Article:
.NET Bulk Insert into SQL Server


By:   |   Updated: 2011-05-13   |   Comments (3)   |   Related: More > Application Development

Problem

Knowing about the SqlBulkCopy class is most helpful if you need to load large amounts of data into your database from within a .NET application. For example you may need to integrate a .NET custom step in order to do the initial data import in a Visual Studio application installer. Thus you benefit from the advanced error handling offered by the .NET platform. Another situation when SqlBulkCopy is useful is the data migration to SQL Azure. In this tip I'll walk you through a simple console application which will demonstrate the basic usage of this class and some options you should be aware of.

Solution

The SqlBulkCopy class functionality is similar to the BULK INSERT statement and to the bcp utility with the "in" argument. As always, when choosing a tool to work with it's useful to know its limitations. You can only use SqlBulkCopy to import data into SQL tables from any source which can be loaded into a DataTable or read with an IDataReader - for example you can import data directly from a SqlDataReader

The sample application I'll talk about uses as a csv source file with about 42000 lines containing product price data. The data will be loaded into a DataTable, processed and finally bulk inserted into a SQL table. The underlying database (let's call it simply TestBC) uses the bulk logged recovery model and contains the Product_bc table in which we'll bulk insert the data from the csv file. For the purposes of this example Product_bc is a heap.

CREATE TABLE [dbo].[Product_bc](
    [Item] [varchar](50) NOT NULL,
    [ProductID] [int] NOT NULL,
    [ListPrice] [money] NULL,
    [SalePrice] [money] NULL
) ON [PRIMARY]

Please see the Next Steps section for a link to download the Visual Studio project.

The first step is to load the csv file data into a DataTable. The below code creates the DataTable (notice that the appropriate data type is used for each column), reads the data from the csv file using a Microsoft.Jet.OLEDB.4.0 connection string and fills the DataTable. The configurable pieces of information, such as connection strings and file paths, are stored into the App.config file.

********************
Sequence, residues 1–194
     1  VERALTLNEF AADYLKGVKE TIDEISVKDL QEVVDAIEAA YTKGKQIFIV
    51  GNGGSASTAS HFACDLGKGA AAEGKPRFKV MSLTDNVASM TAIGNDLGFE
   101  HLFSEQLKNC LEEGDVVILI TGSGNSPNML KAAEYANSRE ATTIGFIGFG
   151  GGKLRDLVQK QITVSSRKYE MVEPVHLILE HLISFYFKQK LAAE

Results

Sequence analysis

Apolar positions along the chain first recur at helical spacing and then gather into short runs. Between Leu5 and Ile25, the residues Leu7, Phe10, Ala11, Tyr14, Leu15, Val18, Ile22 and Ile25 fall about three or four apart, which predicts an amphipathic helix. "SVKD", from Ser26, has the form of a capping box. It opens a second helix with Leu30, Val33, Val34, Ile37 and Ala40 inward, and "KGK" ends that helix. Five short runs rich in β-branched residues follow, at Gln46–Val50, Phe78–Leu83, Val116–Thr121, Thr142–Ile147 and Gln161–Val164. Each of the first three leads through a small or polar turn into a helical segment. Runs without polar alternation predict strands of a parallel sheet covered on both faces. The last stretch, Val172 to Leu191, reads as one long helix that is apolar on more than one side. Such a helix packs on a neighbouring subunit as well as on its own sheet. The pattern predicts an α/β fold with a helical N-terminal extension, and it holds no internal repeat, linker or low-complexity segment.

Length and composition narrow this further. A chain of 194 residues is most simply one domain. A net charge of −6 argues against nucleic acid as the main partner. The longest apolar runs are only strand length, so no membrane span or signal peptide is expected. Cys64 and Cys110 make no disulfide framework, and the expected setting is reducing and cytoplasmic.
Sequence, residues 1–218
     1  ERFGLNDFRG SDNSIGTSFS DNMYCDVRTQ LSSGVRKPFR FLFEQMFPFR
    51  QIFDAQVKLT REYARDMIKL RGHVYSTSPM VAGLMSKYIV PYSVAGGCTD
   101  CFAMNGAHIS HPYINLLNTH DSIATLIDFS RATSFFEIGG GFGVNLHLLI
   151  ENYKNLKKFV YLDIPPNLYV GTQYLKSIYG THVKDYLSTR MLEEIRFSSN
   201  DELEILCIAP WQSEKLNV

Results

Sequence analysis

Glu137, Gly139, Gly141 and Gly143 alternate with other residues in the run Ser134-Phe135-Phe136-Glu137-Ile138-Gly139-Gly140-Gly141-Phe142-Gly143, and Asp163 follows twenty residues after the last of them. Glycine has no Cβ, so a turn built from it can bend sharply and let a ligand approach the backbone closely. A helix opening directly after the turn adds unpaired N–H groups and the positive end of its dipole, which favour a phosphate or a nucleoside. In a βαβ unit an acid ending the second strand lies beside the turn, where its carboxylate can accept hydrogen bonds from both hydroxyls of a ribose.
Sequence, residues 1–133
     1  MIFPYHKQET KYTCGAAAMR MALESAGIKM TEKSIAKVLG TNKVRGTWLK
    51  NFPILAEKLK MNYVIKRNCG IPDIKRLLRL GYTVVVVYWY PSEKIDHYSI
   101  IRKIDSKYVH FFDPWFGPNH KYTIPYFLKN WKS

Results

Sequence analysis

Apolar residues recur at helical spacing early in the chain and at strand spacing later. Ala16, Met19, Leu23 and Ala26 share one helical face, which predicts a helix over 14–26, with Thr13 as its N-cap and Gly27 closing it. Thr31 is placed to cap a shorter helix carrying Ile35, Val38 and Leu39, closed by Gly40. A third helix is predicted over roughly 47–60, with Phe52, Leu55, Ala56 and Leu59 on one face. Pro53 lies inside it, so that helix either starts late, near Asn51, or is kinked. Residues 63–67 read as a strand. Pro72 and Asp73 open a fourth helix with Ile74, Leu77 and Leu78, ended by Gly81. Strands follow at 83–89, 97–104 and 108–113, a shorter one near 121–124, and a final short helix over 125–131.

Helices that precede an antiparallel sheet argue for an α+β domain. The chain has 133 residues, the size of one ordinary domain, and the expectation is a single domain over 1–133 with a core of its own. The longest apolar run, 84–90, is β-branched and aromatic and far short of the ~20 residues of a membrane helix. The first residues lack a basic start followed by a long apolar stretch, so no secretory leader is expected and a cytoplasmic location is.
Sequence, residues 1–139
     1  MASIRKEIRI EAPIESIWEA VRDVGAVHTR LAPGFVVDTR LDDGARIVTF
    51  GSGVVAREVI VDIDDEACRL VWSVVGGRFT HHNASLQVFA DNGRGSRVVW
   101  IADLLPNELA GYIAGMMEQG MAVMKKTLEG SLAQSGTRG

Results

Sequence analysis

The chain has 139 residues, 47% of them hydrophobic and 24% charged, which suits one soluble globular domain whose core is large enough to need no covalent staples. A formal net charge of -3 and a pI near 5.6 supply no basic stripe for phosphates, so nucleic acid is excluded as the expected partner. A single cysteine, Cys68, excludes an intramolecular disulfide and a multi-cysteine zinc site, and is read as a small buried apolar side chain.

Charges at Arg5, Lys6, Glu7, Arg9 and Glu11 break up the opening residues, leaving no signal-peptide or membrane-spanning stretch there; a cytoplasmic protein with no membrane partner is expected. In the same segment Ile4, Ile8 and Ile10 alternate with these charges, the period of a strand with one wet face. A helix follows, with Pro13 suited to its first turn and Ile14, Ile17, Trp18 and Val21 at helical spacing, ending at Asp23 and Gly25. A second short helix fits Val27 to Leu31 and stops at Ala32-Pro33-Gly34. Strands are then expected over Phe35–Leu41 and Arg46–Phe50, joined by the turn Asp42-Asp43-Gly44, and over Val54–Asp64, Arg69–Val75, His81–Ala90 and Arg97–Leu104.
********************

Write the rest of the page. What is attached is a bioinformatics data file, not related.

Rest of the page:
public static DataTable LoadCSVFile(){
    string selectFromFile = ConfigurationManager.AppSettings["selectFromFile"];
    DataTable dt = new DataTable();
    using (OleDbConnection jetConn = 
    new OleDbConnection(ConfigurationManager.AppSettings["JETConn"]))
    {
        using (OleDbCommand oleCmd = new OleDbCommand(selectFromFile, jetConn)){
            using(OleDbDataAdapter oleAdapter = new OleDbDataAdapter(oleCmd)){
                dt.Columns.Add("Item", System.Type.GetType("System.String"));
                dt.Columns.Add("ProductID", System.Type.GetType("System.Int32"));
                dt.Columns.Add("ListPrice", System.Type.GetType("System.Decimal"));
                dt.Columns.Add("SalePrice", System.Type.GetType("System.Decimal"));
                oleAdapter.Fill(dt);
            }
        }
    }
    return dt;
}

To bulk insert the DataTable's content into the SQL table I'm using the SqlBulkCopy class, as you can see in the next piece of code. There are a few things to pay attention to here. First of all, notice the constructor of the SqlBulkCopy class, which includes the TableLock option. As you most probably already know, there are a few conditions necessary to make the bulk import a minimally logged operation. One of them is to specify table locking - that is what the TableLock option does. The DestinationTableName property is held in the App.config file. In our case the data is copied into the Product_bc table. I use the SqlRowsCopied event in conjunction with the NotifyAfter property to write a message to the console after every 1000 rows have been copied. The WriteToServer method will copy the DataTable's content to the destination table.

public static void CopyData(string connStr, DataTable dt)
    {
        using (SqlBulkCopy bulkCopy = 
        new SqlBulkCopy(connStr, SqlBulkCopyOptions.TableLock)){
            bulkCopy.DestinationTableName = 
            ConfigurationManager.AppSettings["DestinationTable"];
            bulkCopy.SqlRowsCopied += 
            new SqlRowsCopiedEventHandler(bulkCopy_SqlRowsCopied);
            bulkCopy.NotifyAfter = 1000;
            bulkCopy.WriteToServer(dt);
        }
    }